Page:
The titanium market has reached a technological milestone when UK-based GKN Aerospace announced its use of titanium powder in creating aerospace additives. Because of this innovation, investors from all over the world are turning their attention to Titanium 3D plants in different parts of the world for similar developments.
The first wave of industrial commercialization of titanium powder 3D printing began in the United Kingdom. GKN Aerospace partnered up with Metalysis, a metals technology company, Phoenix Scientific Industries Ltd., and The University of Leeds in developing its low-cost, high-quality titanium powder for aerospace additive manufacturing.
Israel, China, ready to get into the game
According to a report by Shalom Life, Israel is hoping to have its first 3D printed titanium airplane parts by the end of 2014. Its Office of the Chief Scientist funded an initiative to make the country’s goal a reality.
Speaking to local newspaper The Marker, chief scientist Avi Hasson said, “This is a fascinating field and it is possible that these developments will significantly contribute to the nature of manufacturing processes and products in the future. It is important for Israel to enter the field of 3D printing and it is particularly challenging to begin with materials that need to uphold quality measures and strict strength requirements as is the case in the aerospace industry.”
On the other side of the world, New Zealand’s 3D titanium facility, Martin Aircraft, recently welcomed Chinese investors for a delegation about the technology. Martin Aircraft’s Jon Mayson, told NZ Herald that the goal of the meeting was to “explore potential areas of future collaboration” for the jetpack company and Kuang-Chi Science (KCS), a Chinese investment group focusing on disruptive technologies.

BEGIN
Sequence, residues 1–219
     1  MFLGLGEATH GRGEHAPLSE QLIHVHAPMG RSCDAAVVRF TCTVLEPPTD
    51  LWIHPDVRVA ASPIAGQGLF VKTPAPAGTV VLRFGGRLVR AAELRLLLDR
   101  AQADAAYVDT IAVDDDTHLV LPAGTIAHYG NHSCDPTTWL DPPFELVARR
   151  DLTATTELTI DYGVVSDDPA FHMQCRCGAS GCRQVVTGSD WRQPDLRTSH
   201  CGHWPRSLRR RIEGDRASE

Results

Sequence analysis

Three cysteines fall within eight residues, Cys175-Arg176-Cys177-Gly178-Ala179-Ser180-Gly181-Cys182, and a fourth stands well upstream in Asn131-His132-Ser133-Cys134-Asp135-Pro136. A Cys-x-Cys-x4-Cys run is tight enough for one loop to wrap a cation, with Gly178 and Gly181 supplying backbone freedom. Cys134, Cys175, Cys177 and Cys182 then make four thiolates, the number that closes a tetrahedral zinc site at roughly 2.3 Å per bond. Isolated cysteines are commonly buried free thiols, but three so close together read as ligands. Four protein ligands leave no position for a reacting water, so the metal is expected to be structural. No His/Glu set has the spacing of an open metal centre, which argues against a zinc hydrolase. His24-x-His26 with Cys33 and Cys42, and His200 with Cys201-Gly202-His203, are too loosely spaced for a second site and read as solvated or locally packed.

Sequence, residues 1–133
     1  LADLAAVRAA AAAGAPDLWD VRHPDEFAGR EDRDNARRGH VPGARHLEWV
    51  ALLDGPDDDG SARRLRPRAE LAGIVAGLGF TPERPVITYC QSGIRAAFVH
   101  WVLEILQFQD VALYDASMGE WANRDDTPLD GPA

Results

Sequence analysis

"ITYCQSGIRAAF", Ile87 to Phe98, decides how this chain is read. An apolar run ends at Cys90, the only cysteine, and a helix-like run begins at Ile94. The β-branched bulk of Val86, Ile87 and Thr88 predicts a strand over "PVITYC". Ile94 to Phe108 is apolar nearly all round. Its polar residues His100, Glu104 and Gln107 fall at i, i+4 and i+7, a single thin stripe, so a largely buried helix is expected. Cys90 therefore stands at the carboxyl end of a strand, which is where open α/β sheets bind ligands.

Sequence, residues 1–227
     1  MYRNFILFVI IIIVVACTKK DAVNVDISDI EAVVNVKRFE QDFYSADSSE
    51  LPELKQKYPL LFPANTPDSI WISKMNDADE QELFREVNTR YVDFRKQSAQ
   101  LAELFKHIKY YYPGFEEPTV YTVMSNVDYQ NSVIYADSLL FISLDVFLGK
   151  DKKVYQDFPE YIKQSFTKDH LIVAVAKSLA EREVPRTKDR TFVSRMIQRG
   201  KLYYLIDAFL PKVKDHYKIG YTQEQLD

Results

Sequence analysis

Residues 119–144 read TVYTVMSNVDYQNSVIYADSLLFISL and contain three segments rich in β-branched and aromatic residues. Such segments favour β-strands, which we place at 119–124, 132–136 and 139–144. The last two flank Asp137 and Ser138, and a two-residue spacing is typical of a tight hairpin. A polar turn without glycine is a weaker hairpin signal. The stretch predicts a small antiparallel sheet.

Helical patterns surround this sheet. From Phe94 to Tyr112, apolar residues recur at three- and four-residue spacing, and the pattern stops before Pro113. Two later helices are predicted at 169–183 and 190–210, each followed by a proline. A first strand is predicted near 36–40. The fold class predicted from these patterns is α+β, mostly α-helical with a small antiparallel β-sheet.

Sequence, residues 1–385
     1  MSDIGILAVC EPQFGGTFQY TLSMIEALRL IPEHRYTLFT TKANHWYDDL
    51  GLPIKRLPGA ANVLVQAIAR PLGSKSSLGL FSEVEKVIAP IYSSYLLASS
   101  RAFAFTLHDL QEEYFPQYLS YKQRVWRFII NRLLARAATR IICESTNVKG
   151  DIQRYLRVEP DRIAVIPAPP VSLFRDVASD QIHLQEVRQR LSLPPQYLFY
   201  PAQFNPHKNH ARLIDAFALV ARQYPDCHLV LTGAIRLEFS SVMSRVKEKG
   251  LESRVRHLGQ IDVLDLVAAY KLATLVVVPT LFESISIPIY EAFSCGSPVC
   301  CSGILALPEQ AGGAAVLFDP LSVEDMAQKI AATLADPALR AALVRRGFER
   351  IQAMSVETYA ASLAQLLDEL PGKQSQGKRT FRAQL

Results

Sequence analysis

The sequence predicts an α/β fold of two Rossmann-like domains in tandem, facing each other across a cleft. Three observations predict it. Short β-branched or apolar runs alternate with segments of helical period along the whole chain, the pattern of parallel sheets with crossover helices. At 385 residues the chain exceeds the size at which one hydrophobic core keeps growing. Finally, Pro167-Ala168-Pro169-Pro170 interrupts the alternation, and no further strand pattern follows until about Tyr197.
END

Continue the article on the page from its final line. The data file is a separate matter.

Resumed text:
Before getting the attention of global investors, UK’s Aerospace Technology Institute is already in the works to invest $2.3 million (£1.5 million) in this project. Dr. Kartik Rao, Metalysis’ Director of Business Development, talked about this innovation’s potential to open up new opportunities across a range of industries.
According to Yao, Titanium 3D printing is relatively cheap because the cost of the powder makes up half of the final cost. This kind of titanium application could eventually lower production costs of whichever industry decides to adopt this development. Automotive and the manufacturing of medical devices are some of the industries that can easily apply Titanium 3D printing.
How does titanium 3D printing work?
Yao further explained that the technology starts with rutile sand in an electrolysis operation. The rutile is reduced to its purest titanium form at 800 to 1,000 degrees Celsius. The titanium powder, once it shows perfect shape, sphericity, and uniformed sizes, is now ready for 3D printing.
Once this titanium 3D printing becomes a multiple industry-wide application, the global demand for titanium will surely rise. Chile’s White Mountain Titanium (OTCQB: WMTM) is a developing mining project in Cerro Blanco, Santiago, which aims to produce 122 million tons of high-grade rutile. White Mountain is aiming to produce 80,000 tons of rutile annually, a number that could grow into 130,000 tons during the fourth year of production – just in time for Titanium 3D printing’s boom. White Mountain’s production could aid this emerging titanium innovation in the future in terms of supply.
Rutile is usually priced at an estimated $1,000 per metric ton, compared to titanium mill products that are priced at $50 to $70 per kilogram. Powdered titanium costs about $200 to 300 per kilogram, since technology has already made it cheaper compared to conventionally refined or manufactured titanium products. This opens lots of doors for future industry applications, and it could possibly replace stainless steel and aluminum’s role in creating parts for airplanes and cars in the future.
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